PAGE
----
NAIROBI (Reuters) - Two high-ranking Kenyan civil servants were on Wednesday charged in court over trying to block another senior official from informing the police about a plot to steal 695 million shillings ($6.80 million).
Public frustration has grown over parliamentary investigations into multi-million-dollar government contracts, piling pressure on President Uhuru Kenyatta to root out rampant corruption in a nation of 44 million people.
Principal Secretary Peter Mangiti, the top civil servant at the Devolution Ministry, and Nelson Githinji, the director general of state-run National Youth Service, have been charged with “tampering with public officers”. Both pleaded not guilty.
The pair, and another businessman due to be charged at a later date, are accused of “threatening and intimidating” a senior civil servant and warning him about cooperating with the police over a conspiracy to steal 695 million shillings.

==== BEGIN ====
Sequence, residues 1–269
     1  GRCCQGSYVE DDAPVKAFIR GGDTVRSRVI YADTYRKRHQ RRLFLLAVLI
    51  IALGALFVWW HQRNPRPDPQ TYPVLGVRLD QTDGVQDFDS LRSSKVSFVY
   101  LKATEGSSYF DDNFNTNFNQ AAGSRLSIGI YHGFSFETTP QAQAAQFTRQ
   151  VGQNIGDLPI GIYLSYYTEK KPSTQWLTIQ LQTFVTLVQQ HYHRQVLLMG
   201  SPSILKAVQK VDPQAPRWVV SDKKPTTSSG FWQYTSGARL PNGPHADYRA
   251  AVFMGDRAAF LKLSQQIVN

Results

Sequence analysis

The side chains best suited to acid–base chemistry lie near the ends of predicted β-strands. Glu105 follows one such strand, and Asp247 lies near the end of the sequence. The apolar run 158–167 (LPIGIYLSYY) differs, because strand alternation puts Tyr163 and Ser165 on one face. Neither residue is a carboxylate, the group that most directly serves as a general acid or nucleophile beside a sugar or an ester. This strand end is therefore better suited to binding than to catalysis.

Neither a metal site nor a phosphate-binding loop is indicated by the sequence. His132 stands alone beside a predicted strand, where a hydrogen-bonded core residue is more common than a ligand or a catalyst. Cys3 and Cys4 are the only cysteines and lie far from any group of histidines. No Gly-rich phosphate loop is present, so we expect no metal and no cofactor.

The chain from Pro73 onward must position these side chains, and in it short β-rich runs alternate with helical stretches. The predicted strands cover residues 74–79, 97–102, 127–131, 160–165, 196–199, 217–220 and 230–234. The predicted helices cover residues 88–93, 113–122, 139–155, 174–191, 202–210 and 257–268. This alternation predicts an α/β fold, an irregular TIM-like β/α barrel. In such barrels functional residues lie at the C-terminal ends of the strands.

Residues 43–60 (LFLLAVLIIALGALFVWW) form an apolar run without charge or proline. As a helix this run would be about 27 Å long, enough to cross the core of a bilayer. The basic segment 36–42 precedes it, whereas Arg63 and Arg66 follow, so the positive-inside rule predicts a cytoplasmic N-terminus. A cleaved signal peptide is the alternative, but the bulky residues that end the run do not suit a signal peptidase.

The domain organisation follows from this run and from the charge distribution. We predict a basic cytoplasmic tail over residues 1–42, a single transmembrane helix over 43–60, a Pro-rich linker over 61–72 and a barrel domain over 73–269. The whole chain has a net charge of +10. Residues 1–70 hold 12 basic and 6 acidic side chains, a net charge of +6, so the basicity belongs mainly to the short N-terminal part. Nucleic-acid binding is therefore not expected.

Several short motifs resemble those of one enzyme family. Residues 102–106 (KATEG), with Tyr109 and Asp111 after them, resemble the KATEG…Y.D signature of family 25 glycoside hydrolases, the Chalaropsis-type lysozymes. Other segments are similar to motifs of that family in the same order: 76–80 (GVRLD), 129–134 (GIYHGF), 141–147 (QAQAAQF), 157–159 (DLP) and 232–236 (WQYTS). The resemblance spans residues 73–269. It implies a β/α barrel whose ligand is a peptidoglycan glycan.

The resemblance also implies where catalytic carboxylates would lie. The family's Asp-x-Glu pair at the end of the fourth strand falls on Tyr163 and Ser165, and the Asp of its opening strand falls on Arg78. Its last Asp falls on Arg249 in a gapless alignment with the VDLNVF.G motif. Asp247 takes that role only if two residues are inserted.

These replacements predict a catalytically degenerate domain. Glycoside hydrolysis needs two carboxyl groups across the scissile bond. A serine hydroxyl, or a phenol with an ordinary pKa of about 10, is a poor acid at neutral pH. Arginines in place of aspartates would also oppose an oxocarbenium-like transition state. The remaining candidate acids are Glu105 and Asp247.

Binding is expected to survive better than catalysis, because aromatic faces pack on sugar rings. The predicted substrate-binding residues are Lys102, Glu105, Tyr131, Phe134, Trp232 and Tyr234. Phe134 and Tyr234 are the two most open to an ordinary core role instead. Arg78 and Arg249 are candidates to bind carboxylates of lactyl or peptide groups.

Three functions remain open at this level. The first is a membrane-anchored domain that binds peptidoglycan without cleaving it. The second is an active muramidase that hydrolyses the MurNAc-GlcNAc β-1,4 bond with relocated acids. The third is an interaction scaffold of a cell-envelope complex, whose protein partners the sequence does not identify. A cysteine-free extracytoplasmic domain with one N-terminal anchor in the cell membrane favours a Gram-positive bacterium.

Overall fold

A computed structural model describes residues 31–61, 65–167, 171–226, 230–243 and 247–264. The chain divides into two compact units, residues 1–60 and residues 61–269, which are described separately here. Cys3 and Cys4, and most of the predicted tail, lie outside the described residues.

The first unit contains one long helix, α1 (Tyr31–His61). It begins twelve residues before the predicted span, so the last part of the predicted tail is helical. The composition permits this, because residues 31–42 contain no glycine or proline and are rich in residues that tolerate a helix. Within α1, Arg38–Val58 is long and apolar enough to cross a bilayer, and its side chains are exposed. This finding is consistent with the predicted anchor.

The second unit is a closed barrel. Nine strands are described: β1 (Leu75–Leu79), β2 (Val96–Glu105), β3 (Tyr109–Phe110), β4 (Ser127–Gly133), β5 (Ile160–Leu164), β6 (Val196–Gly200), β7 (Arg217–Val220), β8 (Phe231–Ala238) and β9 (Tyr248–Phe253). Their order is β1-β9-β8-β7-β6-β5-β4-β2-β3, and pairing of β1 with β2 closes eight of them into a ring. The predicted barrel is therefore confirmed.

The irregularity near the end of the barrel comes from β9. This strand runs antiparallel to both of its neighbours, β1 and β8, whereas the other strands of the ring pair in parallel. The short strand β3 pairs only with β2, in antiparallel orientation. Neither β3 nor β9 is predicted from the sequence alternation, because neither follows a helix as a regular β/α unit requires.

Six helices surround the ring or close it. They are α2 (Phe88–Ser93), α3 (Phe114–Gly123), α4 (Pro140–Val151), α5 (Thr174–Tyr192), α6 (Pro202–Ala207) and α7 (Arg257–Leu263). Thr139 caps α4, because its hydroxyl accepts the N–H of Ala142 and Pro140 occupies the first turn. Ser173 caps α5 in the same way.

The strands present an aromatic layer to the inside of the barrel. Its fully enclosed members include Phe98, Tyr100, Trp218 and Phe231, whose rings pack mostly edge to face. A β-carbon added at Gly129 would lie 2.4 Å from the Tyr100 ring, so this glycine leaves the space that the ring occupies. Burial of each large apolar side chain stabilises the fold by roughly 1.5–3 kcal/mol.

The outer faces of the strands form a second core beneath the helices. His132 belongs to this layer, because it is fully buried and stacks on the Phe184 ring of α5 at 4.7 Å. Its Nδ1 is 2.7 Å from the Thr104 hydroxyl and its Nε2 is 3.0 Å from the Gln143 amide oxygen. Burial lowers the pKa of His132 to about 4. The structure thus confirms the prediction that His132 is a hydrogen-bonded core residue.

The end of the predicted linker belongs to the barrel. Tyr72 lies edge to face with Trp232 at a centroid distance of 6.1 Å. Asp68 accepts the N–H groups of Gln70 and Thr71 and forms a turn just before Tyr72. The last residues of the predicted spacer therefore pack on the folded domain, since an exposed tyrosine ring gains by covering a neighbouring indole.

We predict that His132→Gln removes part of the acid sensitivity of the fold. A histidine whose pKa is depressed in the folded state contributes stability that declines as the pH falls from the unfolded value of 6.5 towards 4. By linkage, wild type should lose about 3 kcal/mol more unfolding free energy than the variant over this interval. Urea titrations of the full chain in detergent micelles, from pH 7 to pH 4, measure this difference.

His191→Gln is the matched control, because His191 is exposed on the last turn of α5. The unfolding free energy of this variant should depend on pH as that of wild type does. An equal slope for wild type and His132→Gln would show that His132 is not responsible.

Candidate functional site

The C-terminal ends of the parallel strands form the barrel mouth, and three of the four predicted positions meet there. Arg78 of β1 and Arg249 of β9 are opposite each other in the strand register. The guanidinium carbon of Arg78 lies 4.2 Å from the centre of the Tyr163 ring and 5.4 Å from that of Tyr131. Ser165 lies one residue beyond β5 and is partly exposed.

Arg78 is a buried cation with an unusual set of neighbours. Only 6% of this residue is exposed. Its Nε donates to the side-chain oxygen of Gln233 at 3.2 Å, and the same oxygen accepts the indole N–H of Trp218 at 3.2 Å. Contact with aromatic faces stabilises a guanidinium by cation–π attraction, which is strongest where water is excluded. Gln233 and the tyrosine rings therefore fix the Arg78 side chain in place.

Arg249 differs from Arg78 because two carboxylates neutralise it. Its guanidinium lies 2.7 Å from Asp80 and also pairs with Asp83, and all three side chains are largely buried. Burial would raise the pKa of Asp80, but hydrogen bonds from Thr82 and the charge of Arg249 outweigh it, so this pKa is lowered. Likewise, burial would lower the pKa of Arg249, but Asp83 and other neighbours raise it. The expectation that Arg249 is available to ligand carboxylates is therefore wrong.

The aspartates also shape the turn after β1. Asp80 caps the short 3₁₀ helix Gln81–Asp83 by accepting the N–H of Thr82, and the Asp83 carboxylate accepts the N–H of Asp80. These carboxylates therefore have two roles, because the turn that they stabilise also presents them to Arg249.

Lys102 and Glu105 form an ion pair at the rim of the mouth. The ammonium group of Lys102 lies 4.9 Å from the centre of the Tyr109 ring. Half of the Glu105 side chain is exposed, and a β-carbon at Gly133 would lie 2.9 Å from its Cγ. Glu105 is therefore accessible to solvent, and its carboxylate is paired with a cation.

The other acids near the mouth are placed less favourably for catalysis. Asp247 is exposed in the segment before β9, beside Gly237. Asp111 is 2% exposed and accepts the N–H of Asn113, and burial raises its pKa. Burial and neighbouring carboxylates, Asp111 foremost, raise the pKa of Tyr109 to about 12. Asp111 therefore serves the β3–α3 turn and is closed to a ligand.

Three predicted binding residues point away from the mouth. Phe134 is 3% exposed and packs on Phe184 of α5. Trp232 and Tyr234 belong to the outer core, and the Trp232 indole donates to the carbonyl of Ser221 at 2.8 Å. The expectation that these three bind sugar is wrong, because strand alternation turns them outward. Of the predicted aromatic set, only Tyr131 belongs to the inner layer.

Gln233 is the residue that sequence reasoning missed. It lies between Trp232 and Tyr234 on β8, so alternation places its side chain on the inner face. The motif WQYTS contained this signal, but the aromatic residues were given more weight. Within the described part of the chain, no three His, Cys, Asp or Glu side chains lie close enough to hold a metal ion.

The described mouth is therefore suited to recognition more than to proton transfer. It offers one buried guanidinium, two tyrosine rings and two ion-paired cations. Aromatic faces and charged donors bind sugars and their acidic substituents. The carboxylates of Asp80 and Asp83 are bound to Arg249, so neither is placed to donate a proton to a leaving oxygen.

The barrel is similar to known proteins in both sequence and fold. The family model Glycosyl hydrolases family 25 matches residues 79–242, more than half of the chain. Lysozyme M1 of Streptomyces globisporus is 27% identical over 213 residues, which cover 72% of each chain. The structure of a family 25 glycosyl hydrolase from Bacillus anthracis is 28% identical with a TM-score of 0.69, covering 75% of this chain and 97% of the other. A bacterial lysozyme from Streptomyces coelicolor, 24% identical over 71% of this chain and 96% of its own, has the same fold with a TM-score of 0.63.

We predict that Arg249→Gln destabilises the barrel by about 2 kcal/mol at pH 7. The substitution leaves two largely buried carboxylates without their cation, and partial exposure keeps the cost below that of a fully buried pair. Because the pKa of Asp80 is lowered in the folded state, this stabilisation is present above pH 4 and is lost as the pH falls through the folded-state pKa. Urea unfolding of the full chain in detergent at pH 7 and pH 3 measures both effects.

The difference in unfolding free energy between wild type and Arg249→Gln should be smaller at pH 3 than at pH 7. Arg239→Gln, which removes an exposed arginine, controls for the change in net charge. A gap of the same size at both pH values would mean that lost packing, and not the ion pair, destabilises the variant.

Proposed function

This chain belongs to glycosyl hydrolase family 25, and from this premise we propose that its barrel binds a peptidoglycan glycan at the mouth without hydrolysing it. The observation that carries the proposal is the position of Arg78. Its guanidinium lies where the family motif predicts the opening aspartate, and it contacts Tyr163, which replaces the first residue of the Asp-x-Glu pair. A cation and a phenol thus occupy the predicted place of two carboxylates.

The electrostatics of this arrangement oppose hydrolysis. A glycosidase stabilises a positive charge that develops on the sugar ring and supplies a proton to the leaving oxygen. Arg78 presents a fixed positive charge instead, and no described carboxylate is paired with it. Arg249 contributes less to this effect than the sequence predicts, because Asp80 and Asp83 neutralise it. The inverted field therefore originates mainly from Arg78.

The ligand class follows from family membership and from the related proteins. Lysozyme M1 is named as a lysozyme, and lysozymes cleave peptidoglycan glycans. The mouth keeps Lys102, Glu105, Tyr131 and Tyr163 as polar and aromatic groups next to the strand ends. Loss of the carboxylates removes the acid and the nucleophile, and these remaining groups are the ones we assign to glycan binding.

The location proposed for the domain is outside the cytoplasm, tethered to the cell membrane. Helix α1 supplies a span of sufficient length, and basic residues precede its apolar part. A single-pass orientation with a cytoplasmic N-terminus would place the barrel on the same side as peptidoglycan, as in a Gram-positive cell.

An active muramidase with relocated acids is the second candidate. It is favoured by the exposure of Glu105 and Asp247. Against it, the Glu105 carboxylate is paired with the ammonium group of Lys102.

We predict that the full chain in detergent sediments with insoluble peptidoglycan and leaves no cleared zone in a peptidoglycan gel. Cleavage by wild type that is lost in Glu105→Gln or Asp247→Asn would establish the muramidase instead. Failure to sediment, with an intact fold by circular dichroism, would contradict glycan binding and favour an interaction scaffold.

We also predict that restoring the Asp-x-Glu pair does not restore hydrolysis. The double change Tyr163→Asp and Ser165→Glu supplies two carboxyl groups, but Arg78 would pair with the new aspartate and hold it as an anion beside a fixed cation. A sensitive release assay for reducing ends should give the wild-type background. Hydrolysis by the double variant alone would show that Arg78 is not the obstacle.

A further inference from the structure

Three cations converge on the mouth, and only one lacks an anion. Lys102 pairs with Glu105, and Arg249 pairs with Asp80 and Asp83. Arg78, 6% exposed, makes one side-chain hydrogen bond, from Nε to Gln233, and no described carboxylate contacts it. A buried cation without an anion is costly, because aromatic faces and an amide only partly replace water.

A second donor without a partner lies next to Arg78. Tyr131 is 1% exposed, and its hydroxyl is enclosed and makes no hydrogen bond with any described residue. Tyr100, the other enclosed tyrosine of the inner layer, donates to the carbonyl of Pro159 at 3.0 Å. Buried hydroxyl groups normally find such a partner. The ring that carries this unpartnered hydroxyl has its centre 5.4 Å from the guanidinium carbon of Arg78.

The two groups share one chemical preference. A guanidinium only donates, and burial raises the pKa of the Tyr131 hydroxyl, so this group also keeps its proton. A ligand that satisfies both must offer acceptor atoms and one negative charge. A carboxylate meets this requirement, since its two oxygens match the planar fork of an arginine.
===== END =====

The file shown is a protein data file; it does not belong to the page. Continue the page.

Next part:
Many other lower-ranking civil servants were charged with “conspiracy to defraud” the National Youth Service.
Mangiti and Githinji were granted bail of 3 million shillings. Other accused civil servants were also given bail.
Kenya has a history of corruption scandals that have failed to result in high-profile convictions, angering the public who say it shows how top officials act with impunity, and encourages graft by those in lower posts.
In an unusual move, the ambassadors of the United States, Britain and nine other countries said on Thursday that Kenya faced a “corruption crisis” and they would step up efforts to prevent the flow of illicit funds out of the country.
Reporting by Humphrey Malalo; Writing by Drazen Jorgic; Editing by Janet Lawrence